All 25 dams in the province, Mchunu said, must encompass full management plans regarding infrastructure management, environment and leisure, business and tourism activities. He referred to this as an opportunity to generate revenue. However, he added that it remains “a worrying factor that some dam levels are still below average”..
“What we need to work towards is to ensure that there is delivery of water to each household. This will lead to what we envisage: a change of the narrative around water and sanitation, that we are a government that does not care. We have to demonstrate the seriousness with which we take our work by ensuring that we deliver on the mandate that has been given to us as a sector”, Mchunu said.
A recent webinar has presented the latest FutureDAMS research on hydropower dams and ways to decarbonise Ghana’s energy system consistent with Paris climate objectives.
As Kuriakose et all explained, in 2019, biomass and petroleum each provided 38% of Ghana’s energy, natural gas 18% and hydropower 6%. The researchers used three future energy scenarios to examine the role of the country’s dams in delivering on its Nationally Determined Contributions as part of climate mitigation and Paris commitments.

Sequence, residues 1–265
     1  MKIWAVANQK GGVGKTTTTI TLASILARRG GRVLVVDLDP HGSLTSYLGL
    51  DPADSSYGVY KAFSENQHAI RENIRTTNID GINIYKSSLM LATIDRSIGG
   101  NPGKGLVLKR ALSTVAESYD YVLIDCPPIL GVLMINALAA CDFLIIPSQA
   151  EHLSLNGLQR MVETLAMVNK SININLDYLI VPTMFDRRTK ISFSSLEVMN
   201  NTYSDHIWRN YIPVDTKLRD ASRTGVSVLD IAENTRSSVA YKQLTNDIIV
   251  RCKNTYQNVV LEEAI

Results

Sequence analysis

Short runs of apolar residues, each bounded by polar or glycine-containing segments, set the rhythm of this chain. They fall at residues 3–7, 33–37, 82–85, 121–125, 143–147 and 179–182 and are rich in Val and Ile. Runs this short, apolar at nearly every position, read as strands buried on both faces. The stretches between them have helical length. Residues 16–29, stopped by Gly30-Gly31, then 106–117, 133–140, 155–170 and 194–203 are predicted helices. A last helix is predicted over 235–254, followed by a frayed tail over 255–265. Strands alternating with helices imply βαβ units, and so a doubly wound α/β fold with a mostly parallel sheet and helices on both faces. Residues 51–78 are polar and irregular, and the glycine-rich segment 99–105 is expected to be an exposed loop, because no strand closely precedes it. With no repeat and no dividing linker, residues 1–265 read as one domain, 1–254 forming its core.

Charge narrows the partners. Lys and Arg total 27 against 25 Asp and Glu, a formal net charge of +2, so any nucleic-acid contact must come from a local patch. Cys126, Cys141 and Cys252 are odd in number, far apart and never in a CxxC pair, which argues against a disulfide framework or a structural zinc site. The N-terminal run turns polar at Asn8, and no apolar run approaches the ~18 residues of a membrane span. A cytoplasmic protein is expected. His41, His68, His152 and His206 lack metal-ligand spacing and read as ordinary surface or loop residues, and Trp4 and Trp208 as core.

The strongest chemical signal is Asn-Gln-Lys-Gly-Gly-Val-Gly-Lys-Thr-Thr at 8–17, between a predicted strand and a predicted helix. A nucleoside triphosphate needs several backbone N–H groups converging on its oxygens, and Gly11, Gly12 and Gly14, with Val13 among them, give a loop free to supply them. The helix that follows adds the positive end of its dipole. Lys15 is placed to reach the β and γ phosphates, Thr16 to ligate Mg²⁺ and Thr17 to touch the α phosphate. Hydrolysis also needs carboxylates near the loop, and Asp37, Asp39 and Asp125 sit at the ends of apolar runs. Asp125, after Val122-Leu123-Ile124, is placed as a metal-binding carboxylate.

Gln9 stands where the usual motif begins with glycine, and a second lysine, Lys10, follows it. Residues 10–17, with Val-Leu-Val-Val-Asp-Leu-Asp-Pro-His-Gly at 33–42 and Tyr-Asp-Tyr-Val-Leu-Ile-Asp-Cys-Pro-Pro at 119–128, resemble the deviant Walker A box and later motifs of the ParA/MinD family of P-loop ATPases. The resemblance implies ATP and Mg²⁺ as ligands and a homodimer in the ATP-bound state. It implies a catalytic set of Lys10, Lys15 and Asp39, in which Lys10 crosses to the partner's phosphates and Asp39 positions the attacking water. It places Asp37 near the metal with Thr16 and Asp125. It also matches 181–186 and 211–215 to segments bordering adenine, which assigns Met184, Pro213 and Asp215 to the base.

Key conclusions from the research were that when considering emissions from reservoirs “Ghana’s planned dams will have a carbon intensity that, during the first decade of operation, exceeds that of coal power stations”.
Furthermore, the full deployment of Ghana’s proposed dams will consume a third of the country’s Paris-compliant carbon budget yet contribute to under 10% of the future electricity demand.
The research concludes that: “Considering Ghana’s current unconditional NDCs are not sufficient to deliver the Paris temperature objectives, energy efficiency and diversifying supply (from wind to floating solar panels on existing reservoirs) offers a lower cost and lower emissions energy future for Ghana than constructing more dams.”
This article first appeared in International Water Power magazine.